Griffith Criminology Institute
Australian and New Zealand Association of Psychiatry, Psychology and Law
Complexities in the management of sex offenders in the community workshop
Date: Monday 29 October 2018
Time: lunch served at noon, 1.00 pm formal program commences
Venue: Ship Inn Function Centre
Conceptualising ‘unacceptable risk’ of serious sex offending
Dr Michael Rowlands, Forensic Psychologist, Monash University
There is very limited research on the re-offending rates of sex offenders classified as ‘dangerous’ by Queensland Supreme Courts. The extant research suggests that whilst those considered ‘high-risk’ were more likely to re-offend with general offences, their overall level of sexual recidivism is actually ‘low.’ Current research has highlighted that conceptualising ‘dangerousness’ is complex and fraught with ethical and legal concerns, such as limited addressing of protective factors, ‘double punishment’ and violation of the principle of ‘proportionality.’ Clinicians making risk assessments consider overall risk by incorporating historical and dynamic risk factors and actuarial scale scores but may give less attention to protective factors and clinical and systemic management processes.
GPS tracking of sex offenders – Poor public policy and poor financial facility
Dr Russ Scott, Forensic Psychiatrist, Prison Mental Health Service, Queensland Health
The age of mass incarceration has seen a paradigm shift from “rehabilitation” to “punishment” and a decline in rehabilitation programs for offenders. The movement toward “containment and punishment” has become a ‘push factor’ for supervision and control strategies including the proliferation of electronic monitoring (EM) by global positioning system (GPS) tracking. Although the cost-effectiveness of EM programs relative to incarceration and other community-based programs has been promoted, there is no clear consensus that EM programs reduce re-offending or enhance public safety. Instead of being used as an alternative to incarceration, EM has simply become another sentencing option, facilitating “sanction-stacking” and “net widening.”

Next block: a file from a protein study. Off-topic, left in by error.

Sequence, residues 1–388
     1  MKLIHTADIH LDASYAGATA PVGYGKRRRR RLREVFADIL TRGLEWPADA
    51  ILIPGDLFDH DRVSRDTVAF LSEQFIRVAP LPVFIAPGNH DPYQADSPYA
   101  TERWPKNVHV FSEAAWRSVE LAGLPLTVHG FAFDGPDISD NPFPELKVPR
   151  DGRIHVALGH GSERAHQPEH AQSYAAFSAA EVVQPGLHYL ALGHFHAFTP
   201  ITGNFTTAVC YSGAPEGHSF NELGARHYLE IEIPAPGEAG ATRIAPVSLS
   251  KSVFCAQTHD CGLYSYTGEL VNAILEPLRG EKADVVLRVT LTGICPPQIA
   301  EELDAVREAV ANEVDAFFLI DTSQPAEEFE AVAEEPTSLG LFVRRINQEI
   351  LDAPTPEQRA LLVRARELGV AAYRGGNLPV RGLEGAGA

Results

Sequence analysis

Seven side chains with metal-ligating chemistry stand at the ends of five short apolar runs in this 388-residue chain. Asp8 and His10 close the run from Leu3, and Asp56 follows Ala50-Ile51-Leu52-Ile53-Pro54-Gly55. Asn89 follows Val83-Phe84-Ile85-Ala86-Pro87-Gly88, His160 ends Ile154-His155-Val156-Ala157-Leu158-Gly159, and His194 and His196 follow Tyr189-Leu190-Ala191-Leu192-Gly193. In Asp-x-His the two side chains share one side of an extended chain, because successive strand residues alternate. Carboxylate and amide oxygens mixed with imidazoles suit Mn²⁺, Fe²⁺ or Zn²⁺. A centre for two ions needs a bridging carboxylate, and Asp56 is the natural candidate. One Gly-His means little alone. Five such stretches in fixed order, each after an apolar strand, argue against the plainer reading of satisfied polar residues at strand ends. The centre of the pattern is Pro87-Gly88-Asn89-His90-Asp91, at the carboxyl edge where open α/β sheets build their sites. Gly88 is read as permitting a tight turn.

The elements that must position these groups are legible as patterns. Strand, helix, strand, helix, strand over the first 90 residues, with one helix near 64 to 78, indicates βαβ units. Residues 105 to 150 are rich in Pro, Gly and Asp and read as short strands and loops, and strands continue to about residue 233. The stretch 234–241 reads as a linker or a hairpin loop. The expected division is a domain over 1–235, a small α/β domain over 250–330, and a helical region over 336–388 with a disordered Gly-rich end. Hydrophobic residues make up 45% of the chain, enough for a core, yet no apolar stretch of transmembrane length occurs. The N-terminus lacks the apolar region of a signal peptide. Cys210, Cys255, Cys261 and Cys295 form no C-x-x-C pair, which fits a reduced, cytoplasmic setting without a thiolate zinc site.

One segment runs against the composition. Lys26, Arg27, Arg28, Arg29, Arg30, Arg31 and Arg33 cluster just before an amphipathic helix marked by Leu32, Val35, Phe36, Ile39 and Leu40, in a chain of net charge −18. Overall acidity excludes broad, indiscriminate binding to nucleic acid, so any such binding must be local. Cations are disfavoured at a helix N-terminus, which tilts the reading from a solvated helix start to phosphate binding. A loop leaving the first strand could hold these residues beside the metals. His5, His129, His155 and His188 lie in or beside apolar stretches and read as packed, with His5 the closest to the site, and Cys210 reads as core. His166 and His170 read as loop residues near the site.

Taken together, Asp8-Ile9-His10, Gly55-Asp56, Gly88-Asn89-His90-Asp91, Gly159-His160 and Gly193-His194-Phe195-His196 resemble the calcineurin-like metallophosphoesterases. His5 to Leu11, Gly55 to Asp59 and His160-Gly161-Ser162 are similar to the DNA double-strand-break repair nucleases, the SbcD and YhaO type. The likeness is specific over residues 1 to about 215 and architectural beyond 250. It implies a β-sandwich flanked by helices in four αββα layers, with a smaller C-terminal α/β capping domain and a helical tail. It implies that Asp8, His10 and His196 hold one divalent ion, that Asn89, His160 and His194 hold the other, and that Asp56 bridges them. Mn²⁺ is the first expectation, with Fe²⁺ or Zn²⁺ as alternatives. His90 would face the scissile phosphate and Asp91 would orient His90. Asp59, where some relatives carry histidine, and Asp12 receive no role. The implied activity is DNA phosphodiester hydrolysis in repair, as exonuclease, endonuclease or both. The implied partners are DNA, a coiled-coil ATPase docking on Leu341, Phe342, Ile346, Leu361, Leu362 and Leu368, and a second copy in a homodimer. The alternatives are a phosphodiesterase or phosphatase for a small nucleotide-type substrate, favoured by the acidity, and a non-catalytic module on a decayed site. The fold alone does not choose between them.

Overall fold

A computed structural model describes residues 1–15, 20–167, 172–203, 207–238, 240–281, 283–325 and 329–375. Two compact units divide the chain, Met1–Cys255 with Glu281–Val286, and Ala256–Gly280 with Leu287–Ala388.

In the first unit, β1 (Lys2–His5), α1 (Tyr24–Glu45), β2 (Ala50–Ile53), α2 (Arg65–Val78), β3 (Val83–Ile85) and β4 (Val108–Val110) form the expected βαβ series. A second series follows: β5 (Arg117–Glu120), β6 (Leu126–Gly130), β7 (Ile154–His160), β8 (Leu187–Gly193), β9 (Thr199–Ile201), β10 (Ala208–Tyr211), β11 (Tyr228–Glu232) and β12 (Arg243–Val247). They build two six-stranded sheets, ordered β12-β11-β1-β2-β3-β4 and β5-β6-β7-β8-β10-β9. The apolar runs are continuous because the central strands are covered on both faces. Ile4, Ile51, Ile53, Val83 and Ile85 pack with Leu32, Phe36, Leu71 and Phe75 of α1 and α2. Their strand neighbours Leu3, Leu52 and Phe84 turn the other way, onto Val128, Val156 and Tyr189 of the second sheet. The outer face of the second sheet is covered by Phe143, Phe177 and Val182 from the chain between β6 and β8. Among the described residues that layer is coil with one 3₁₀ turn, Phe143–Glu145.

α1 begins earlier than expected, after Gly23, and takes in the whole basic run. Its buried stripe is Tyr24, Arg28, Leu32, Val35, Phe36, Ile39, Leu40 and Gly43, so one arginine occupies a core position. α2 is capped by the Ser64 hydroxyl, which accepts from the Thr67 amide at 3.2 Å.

Desistence from sexual offending: how sex offenders stop offending.
Dr Danielle Harris, Lecturer in Criminology, School of Criminology and Criminal Justice, Griffith University
Unlike much of the research on this topic, Dr Harris places strong emphasis on how men who have committed serious sexual offenses come to stop offending and end their ‘criminal career’. She will present her findings from 70 interviews with convicted sex offenders in the US and her work with more than 200 men in three countries (US, UK, Australia), as well as 20 years of experience working with men in Australia and England, and a long time collaborating with people from all over the world.
Punishment and preventive detention under the Dangerous Prisoner (Sexual Offender) Act (Qld) – Legal Issues
Tim Ryan, Barrister, Brisbane, Queensland
The Dangerous Prisoners (Sexual Offenders) Act 2003 (Qld) was the first legislation in Australia to impose post-sentence detention in prison and continuing supervision of sex offenders. In 2007, Queensland was the first Australian jurisdiction to impose tracking devices on sex offenders who were subject to court-ordered supervision in the community.
Hypothetical responses to some hypothetical cases
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